Owe Dear

Turns out most of London’s super-prime property owners are mortgaged to the hilt and the bailiffs are starting to lick their chops, says Ross Clark

Turns out most of London’s super-prime property owners are mortgaged to the hilt and the bailiffs are starting to lick their chops, says Ross Clark

For much of the past year there has been a general assumption that the credit crisis would only really affect the lower end of the property market — the reason being that at the top end, cash is still king. What, the argument goes, would the buyer of a £10 million house in Kensington be doing with a mortgage?

Failing to pay it off, in the case of one homeowner. The top end of the London property market took a knock last month with the repossession of a £10 million house in Holland Park. The former owner, financier Robert Bonnier, turned out to have a mortgage in the region of £7 million. The property, for which Bonnier’s company paid £11.6 million in 2007, is now on the market for £10 million, reflecting the plunge in prices.

He is not alone in having a vast mortgage. The more the credit crisis goes on, the clearer the picture of debt in the prime-property market becomes. And no one can rule out more removal vans quietly drawing up in the streets of Kensington and Chelsea over the next few months before the bank comes for the keys: one Mayfair agent last week speculated that there are five properties in Mayfair in danger of repossession over the coming months.

Outside London, too, the bailiffs have started to arrive on the gravelled driveways. Also repossessed last month was the £3.5 million Clifton Hall outside Nottingham, whose businessman owner claimed to have fled the property after being spooked by its ghosts.

According to the Council of Mortgage Lenders, 1,500 mortgages were taken out for values in excess of £1.5 million during 2007. Given that the number of properties sold for prices above £2 million in 2007 was 1,645, according to the Land Registry, it would seem that the overwhelming number of prime properties are mortgaged to a substantial degree.

According to the credit agency Experian, there are 70 mortgages over the country with outstanding balances over £5 million. Among them are a few vast mortgages where the monthly repayments come in at the price of a small flat.

The largest current mortgage balance that Experian has seen is £10 million. But brokers Savills Private Finance say they have organised one for £18 million — which, at an interest rate of 6.5 per cent, means monthly repayments of £97,500.

‘If people’s income is based around financial services, their income could well have plummeted from £1 million last year to zero this year,’ says Ray Boulger of mortgage brokers Charcol. ‘They are going to be affected by the ability to pay their mortgages just like anyone else.’

Buyers of £10 million homes are less prone to negative equity than buyers in the mass housing market: very few lenders, adds Boulger, ever did lend more than 75 per cent of the value of a £10 million property.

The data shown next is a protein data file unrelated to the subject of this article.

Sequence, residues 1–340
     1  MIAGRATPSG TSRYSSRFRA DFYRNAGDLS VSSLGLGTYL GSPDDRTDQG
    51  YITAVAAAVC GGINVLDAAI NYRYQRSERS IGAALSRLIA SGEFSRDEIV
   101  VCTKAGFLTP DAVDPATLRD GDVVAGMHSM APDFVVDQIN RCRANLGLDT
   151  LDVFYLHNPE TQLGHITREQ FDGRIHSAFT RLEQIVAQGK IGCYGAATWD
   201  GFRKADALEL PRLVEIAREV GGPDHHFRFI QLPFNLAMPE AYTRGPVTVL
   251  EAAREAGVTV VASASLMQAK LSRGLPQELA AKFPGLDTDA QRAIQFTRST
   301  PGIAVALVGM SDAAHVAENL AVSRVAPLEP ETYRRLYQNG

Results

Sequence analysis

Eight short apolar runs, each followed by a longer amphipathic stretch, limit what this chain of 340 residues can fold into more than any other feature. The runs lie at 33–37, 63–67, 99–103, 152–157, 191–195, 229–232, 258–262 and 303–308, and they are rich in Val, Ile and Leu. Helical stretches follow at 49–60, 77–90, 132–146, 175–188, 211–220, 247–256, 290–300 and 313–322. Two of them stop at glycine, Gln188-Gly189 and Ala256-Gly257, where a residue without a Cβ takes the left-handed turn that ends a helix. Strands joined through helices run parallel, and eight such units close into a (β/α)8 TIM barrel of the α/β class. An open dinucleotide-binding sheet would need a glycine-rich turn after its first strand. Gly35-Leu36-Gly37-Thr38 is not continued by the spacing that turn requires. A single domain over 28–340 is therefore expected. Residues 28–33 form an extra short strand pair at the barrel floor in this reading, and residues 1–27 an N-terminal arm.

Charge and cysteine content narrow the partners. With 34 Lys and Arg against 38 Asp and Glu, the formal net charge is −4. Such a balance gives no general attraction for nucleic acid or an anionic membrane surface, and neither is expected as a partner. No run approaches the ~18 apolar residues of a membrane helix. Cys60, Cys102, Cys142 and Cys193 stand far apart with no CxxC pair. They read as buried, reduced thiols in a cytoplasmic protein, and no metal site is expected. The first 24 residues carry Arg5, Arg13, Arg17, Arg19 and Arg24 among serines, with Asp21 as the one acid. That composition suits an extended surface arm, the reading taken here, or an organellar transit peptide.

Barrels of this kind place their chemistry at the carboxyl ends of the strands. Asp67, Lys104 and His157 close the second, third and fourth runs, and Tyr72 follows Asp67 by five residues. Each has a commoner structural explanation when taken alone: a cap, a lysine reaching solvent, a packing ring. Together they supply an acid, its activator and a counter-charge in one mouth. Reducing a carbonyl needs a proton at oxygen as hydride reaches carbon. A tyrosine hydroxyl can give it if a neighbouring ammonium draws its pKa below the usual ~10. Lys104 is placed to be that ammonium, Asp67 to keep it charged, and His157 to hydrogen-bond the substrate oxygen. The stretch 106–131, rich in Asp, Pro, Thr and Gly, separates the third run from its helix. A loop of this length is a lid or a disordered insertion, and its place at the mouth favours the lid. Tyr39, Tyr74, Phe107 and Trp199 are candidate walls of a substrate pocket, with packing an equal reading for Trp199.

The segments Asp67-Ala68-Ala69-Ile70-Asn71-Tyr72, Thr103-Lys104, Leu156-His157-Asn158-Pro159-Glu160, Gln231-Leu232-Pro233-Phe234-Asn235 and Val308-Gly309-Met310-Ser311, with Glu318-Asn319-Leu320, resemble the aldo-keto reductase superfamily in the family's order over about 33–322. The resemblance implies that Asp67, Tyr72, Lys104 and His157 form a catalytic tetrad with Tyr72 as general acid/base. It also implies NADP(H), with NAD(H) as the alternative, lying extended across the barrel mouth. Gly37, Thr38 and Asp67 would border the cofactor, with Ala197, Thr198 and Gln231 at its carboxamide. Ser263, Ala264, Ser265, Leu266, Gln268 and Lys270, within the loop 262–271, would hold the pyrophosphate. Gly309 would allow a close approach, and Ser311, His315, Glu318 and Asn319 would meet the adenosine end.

But in one sense the position of multi-million-pound borrowers is worse: anyone with a £10 million loan will find it harder to remortgage as lenders cut back on mega-loans. A year ago, for example, the Abbey would lend buyers up to £7.5 million. In May it slashed its maximum loan to £550,000, although it has since raised that to £1 million.

Borrowing large sums of money isn’t going to get easier over the next few months. Among the few lenders still prepared to lend sums of £5 million and more, says Boulger, are the Halifax and the Bank of Scotland. With their takeover by Lloyds TSB, conditions are likely to get tougher: Lloyds TSB, through its Cheltenham & Gloucester subsidiary, recently cut the size of loan it is prepared to lend from £5 million to £2 million.

Anyone wanting to borrow £5 million may soon find themselves limited to the private banks, where they will find themselves paying higher rates of interest. Boulger indicates that a typical loan would come in fixed at 1.5 per cent above the Bank of England’s base rate.

Given that so many prime properties are, contrary to popular belief, bought with vast mortgages, it isn’t hard to guess what effect the reduction in the supply of large mortgages will have on the housing market. If you cannot get the credit to buy your £10 million town house in Kensington then you cannot buy it.

The number of sales in the prime-property market has not quite plummeted as far as the sales in the mass housing market, but the slump is gathering pace nonetheless. Between May 2007 and May 2008 the number of sales of properties for over £2 million plunged by 16 per cent, from 96 to 81.

If you have your semi-detached in Reading repossessed, your lender will nowadays at least go to the trouble of putting you in touch with Shelter, the homeless charity. Whether Robert Bonnier resorted to that service or not isn’t known, but one thing is for sure: the stucco terraces of Belgravia and Kensington are not immune from the bailiff’s knock. I foresee a few twitching curtains in London’s wealthiest streets over the next few months.